If there's one distinct advantage North Carolina has headed into its matchup with No. 2 Duke on Wednesday, it's rebounding.
The 16-7 Tar Heels not only rank fifth in the nation in rebounds per game, they rank 14th in offensive rebounds per contest.
On the contrary, the Blue Devils rank 161st in rebounds per game and they've allowed 10.6 offensive rebounds per contest, ranked 277th in the nation.
In both of their losses to N.C. State and Miami (FL) this season, the Blue Devils were out-rebounded. They allowed a combined 17 offensive rebounds in those defeats.
Duke outclasses North Carolina on offense. Mike Krzyzewski's squad ranks 11th and 27th in points per game and field-goal percentage, respectively.
And even though the Blue Devils aren't a top defensive team, they still play better defense than the Tar Heels. North Carolina ranks 230th in opponents' points per game and 90th in opponents' field-goal percentage.
It makes North Carolina's work on the boards all the more important against Duke on Wednesday.
While the Tar Heels have used a team-wide approach on the glass this season, James Michael McAdoo is undoubtedly their best rebounder. In that regard, the sophomore forward will be crucial for North Carolina on Wednesday. After three straight games of collecting double-digit rebounds, McAdoo has posted a combined eight rebounds in his past two contests.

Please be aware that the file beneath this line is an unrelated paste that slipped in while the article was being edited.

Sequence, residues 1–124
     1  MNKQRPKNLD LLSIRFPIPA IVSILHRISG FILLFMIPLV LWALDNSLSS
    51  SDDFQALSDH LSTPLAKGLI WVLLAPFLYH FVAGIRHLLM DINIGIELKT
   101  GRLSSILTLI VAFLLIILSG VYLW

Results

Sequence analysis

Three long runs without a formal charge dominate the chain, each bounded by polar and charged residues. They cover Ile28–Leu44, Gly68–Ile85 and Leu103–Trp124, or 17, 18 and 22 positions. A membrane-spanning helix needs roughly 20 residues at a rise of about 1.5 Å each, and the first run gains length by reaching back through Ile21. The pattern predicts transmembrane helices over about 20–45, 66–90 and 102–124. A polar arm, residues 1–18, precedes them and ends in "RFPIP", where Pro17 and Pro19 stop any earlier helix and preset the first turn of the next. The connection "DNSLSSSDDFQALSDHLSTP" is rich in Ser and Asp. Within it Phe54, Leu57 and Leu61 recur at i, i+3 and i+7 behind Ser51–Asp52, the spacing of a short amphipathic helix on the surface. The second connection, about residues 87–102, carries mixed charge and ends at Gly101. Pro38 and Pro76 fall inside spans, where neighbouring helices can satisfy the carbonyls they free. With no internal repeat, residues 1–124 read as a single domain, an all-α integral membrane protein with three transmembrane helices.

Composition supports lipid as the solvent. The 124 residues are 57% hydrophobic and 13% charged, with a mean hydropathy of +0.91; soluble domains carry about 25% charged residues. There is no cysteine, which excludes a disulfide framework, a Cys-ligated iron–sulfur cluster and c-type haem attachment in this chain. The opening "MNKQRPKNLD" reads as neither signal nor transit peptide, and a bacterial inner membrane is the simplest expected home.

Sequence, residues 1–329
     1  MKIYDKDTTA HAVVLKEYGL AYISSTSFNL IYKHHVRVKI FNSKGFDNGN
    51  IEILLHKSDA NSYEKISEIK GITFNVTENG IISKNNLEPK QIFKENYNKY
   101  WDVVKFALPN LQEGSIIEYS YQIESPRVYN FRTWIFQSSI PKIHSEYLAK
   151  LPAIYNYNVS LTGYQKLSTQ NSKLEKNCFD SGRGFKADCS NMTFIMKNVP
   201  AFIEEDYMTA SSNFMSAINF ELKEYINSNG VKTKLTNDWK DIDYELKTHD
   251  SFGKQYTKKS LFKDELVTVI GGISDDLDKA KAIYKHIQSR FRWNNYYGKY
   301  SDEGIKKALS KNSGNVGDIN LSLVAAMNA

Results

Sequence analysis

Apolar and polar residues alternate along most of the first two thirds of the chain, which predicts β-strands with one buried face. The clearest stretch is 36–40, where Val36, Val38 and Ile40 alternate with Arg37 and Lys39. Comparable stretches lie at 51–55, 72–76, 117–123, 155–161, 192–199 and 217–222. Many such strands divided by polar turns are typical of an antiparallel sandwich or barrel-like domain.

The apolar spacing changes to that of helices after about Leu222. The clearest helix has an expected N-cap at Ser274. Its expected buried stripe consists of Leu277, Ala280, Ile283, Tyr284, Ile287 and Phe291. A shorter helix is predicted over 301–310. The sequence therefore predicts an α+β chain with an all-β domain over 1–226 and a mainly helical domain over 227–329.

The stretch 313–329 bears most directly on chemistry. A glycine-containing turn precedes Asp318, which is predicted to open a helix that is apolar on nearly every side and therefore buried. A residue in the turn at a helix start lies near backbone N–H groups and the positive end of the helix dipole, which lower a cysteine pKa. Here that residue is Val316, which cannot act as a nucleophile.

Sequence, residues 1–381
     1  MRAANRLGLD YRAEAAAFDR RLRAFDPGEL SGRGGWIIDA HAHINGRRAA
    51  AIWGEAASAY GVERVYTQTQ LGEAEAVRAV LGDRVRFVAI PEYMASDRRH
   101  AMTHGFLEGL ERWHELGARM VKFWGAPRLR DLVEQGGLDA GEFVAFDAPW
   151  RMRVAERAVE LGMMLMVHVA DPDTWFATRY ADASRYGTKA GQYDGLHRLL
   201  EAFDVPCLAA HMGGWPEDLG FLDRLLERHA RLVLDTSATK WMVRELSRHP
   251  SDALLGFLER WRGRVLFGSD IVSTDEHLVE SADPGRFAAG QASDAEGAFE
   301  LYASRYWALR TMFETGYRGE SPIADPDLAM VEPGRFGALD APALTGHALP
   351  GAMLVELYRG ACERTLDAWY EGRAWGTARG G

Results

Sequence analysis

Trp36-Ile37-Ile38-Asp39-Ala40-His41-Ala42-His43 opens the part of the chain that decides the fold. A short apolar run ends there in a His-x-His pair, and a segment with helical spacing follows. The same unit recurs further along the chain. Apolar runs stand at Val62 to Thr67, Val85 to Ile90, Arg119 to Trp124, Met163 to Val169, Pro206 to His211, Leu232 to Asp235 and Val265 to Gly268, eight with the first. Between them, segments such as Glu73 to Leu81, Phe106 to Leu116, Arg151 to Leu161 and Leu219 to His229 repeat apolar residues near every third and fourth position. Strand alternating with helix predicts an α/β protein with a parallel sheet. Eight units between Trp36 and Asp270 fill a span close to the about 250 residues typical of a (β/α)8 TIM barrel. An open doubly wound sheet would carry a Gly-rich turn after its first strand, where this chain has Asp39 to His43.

Freshman forward Brice Johnson (averaging 4.2 rebounds in 12.9 minutes per contest) will also be important for the Tar Heels at Cameron Indoor Stadium. It's possible that he gets a bit more playing time against the Blue Devils.
As for the Blue Devils, Mason Plumlee is obviously their biggest threat on the glass (perhaps their only true threat). He's averaging 10.7 rebounds per game this season, good for eighth in the country.
The battle on the interior between Plumlee and North Carolina may determine whether the Tar Heels pull off the upset or get embarrassed in Durham.
All team statistics courtesy of TeamRankings.com
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